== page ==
I didn’t write a blog for 5 August when we were traveling; this is for both weeks.
(I don’t want you to think you missed anything.)
Last Wednesday, my husband and I returned to our home in Denver almost four months to the day after we left for his sabbatical. The same wonderful friend who took us to the airport in April, met us in the airport on August 5th. During our time away, Imbolc unfolded into Beltane, and Beltane burgeoned into Lughnasadh. The seeds of spring grew richly toward harvest.
I’ve been writing about growth and about harvests in my blogs from time to time. I’ve been pondering the harvests of my own life, and inviting you to ponder yours. I’ve been thinking not only about what I want to gather, but about what I want to share and, eventually, what I want to leave behind as a legacy for future generations.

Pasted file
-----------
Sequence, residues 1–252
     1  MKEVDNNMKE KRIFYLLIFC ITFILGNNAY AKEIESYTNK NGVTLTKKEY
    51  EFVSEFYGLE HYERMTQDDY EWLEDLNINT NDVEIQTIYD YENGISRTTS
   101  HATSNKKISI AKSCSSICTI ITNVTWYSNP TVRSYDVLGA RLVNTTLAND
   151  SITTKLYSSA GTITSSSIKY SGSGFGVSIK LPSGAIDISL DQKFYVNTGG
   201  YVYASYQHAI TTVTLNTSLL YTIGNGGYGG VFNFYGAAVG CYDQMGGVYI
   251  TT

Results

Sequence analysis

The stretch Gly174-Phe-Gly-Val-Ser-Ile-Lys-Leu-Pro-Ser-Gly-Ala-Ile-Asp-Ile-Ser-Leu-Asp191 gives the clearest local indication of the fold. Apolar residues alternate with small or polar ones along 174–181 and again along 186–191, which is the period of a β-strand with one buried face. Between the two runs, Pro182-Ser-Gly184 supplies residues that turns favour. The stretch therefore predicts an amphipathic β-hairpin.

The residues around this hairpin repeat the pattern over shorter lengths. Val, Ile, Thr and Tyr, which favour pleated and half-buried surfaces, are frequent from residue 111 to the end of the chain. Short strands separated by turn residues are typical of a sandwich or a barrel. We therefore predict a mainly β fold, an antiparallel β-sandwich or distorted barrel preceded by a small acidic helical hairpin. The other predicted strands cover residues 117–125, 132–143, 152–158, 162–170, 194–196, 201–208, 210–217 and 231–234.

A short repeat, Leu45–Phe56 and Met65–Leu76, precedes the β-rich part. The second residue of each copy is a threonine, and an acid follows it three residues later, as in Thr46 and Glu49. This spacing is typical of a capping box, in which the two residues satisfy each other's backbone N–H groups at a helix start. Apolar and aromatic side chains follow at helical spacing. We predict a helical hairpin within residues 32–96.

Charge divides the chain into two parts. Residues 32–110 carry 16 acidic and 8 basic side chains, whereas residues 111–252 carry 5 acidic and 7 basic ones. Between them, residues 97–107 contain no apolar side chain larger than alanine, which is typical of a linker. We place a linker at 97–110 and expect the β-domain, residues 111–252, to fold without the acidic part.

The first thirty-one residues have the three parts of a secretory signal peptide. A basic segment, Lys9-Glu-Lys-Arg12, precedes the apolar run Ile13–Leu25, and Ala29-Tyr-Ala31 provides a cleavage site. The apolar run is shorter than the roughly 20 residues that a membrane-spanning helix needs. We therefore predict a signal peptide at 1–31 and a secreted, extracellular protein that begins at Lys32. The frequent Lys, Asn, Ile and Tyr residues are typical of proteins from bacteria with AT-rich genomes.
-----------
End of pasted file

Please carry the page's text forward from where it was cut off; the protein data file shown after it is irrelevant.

The urgency of this task was brought home to me shortly after I woke last Thursday morning, when I learned that our dearest neighbor, the man who welcomed us to this community ten years ago – and who welcomed every one of our exchange families during the last sabbatical as well as this one – had died suddenly and unexpectedly two weeks before our return. Every morning since, when I open my curtains, I am surprised (again) that he isn’t on his porch putting up his American flag or picking up his newspaper, and I think, “Oh. Oh, yes. Al is gone.” When we left in April, he waved us off and told us that whatever we did, we were not to bring him another golf hat (he was an avid golfer and delighted in hats from distant golf courses) because he had more than enough to last a lifetime.
The last week has been a time of acknowledging that the phrase – “more than enough to last a lifetime” – becomes very real at some tipping point in every human existence.
My friend, Phil, shortly after he was diagnosed with a malignant brain tumor, put it another way: “You never know,” he said, “Whether this will be the last jar of mayonnaise you open.” And, of course, what turned out to be the last jar was in the fridge when he died.